To bring a library to those who cannot afford books, eight Dharavi girls, belonging to economically weaker sections, have raised $5000 to start a community library in their area. “Friends” library, started by the Class IX girls from Guru Nanak High School and Kamarajar Memorial High School in Dharavi, stores all varieties, including comics, literature and science fiction for those who otherwise find reading or buying books unaffordable.
The library, which was started in February 2014 with the support of Avasara Academy, now has more than 350 books, which children can borrow for a refundable deposit of Rs 20.
Avasara Academy is a secondary school in Pune, which educates girls of “exceptional promise” from across the state. It is supported in India by the Avasara Leadership Institute and in the United States by The Leadership Foundation of India.
“We always felt there are many students in our area who never got a chance to read books as there was no library in the area and buying these books was unaffordable,” said Menaka Nadar, one of the founders of the library. The idea of a library struck them at the Avasara Leadership Fellows programme, conducted by the Avasara Academy, as an intensive after-school enrichment programme for adolescent girls belonging to the economically weaker sections from urban slums. It was here that they first read books beyond their texts. “At Avasara, we identify girls who are talented and wish to study, but cannot afford to pay their fees. We provide them scholarships in the form of their school fees. Last year, we provided such scholarship programmes to over 150 girls. We then train them at our academy,” said Roopa Purushothaman, founder of Avasara Academy.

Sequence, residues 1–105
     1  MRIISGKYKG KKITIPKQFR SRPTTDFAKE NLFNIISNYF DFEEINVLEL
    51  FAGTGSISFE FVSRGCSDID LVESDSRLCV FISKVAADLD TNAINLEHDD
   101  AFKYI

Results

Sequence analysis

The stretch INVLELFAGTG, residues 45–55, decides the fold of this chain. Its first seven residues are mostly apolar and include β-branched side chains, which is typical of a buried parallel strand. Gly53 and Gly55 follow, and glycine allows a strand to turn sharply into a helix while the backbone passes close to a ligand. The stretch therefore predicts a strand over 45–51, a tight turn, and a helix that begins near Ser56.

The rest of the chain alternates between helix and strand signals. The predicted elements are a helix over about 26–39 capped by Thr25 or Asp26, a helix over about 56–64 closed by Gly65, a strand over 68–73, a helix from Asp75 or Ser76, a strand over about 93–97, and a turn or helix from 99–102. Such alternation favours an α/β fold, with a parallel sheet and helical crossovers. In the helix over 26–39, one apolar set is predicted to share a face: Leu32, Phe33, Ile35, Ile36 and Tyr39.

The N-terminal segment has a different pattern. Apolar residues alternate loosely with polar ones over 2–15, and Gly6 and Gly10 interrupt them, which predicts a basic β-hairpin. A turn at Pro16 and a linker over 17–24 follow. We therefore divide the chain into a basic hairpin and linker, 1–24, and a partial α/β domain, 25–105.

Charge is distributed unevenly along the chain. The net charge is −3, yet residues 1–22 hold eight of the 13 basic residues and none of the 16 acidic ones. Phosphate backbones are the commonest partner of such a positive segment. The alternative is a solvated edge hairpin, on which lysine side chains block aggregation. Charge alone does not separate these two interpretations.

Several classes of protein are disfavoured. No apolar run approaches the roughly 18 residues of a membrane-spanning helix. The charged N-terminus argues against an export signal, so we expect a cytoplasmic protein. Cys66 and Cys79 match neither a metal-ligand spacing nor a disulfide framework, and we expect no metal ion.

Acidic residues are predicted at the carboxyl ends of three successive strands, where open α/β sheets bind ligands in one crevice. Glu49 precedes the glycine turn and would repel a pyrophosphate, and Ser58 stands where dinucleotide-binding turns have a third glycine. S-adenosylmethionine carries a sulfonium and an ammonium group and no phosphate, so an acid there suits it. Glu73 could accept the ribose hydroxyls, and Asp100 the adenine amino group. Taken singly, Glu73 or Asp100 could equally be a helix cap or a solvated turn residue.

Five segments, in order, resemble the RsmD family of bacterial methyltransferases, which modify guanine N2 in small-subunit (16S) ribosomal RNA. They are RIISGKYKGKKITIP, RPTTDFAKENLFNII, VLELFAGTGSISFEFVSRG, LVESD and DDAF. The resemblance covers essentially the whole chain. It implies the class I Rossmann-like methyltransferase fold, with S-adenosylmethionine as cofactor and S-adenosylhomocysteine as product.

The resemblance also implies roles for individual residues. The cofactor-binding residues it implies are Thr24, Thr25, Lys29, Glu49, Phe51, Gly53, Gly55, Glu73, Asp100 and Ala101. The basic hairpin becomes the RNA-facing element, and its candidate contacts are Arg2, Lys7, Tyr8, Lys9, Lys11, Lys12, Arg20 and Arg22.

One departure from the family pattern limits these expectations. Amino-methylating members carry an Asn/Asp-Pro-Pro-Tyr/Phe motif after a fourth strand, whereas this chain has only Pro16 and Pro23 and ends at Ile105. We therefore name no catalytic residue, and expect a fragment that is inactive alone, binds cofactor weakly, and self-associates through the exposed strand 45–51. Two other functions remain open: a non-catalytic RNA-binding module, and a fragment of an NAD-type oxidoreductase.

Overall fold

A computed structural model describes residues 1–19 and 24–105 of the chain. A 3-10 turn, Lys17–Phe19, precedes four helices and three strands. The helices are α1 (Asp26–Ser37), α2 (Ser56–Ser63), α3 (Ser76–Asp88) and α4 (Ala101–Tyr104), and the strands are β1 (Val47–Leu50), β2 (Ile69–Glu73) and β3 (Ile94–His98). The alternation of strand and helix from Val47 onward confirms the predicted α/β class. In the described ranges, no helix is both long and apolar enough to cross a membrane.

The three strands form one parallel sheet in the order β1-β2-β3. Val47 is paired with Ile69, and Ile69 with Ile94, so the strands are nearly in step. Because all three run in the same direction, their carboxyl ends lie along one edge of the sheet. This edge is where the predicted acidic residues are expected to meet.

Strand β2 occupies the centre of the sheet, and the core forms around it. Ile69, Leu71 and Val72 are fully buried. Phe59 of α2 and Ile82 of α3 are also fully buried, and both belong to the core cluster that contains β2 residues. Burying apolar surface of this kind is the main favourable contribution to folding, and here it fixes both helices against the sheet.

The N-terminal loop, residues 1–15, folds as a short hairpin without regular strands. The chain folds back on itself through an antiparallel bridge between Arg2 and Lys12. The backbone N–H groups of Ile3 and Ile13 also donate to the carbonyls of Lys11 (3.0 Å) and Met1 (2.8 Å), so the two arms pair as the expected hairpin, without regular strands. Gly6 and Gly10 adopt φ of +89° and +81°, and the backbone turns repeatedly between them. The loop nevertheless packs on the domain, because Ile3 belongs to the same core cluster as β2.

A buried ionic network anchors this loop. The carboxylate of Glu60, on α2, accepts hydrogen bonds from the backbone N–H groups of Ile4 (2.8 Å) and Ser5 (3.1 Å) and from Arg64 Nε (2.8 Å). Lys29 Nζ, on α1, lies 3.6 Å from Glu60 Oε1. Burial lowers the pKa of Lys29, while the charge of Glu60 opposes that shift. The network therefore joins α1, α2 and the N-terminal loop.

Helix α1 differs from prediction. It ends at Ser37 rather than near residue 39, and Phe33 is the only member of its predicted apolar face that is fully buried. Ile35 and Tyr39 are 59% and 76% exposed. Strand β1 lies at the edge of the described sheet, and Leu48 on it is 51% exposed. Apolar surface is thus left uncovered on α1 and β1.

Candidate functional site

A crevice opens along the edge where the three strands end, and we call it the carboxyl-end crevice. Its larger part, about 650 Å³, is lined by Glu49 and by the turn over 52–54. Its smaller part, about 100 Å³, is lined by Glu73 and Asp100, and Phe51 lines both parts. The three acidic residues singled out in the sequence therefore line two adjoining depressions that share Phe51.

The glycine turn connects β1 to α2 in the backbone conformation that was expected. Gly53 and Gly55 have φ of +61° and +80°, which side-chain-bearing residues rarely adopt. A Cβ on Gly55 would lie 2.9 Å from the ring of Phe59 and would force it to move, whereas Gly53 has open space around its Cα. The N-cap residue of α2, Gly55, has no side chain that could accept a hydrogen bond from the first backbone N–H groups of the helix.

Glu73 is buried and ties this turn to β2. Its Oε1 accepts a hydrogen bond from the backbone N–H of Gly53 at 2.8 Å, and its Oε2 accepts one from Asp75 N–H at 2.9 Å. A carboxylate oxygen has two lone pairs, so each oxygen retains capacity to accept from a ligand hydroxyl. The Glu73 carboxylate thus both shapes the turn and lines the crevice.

She said Friends library was an outcome of a project they had asked the girls to conduct under the fellows programme. “We we had started the fellows programme 20 months ago to train these girls in entrepreneurial skills. The girls who were learning English at the academy realised that without reading books, they cannot complete their training. And that is where the idea to start this library struck them.”
But with lack of fund and space, turning the idea into reality was a formidable task “We started off with a plan. Initially, we wanted to run it for around six months. We realised we would need Rs 60,000,” said Sweety Pavithra, another founder of the library.
Help poured in from the fellows programme itself. “We approached a teacher from the US, who was part of the leadership programme, and discussed the hurdles we were facing and how we needed funds. We requested her to host a Kickstarter page for us.” Kickstarter is an online funding platform for creative projects, which allows people to present an idea to raise funds. It, however, requires an American citizen to be part of the project that needs funding.
“The girls soon started creating content for raising funds and also made a video explaining their project and need to start the project. Within a month, they managed to collect $5000,” said Purushothaman.
With space for library still being a problem, parents of one of the girls from the group offered the first floor of their house in a chawl for Rs 4,000 as monthly rent. The place was subsequently turned into a library. The girls painted the room on their own to turn their dream project into reality. The library, which is open only on weekends, has seen over 500 visitors since it started in February 2014.
With more funds at their disposal, the girls are now planning to train a younger batch to run the library as they move to Class X.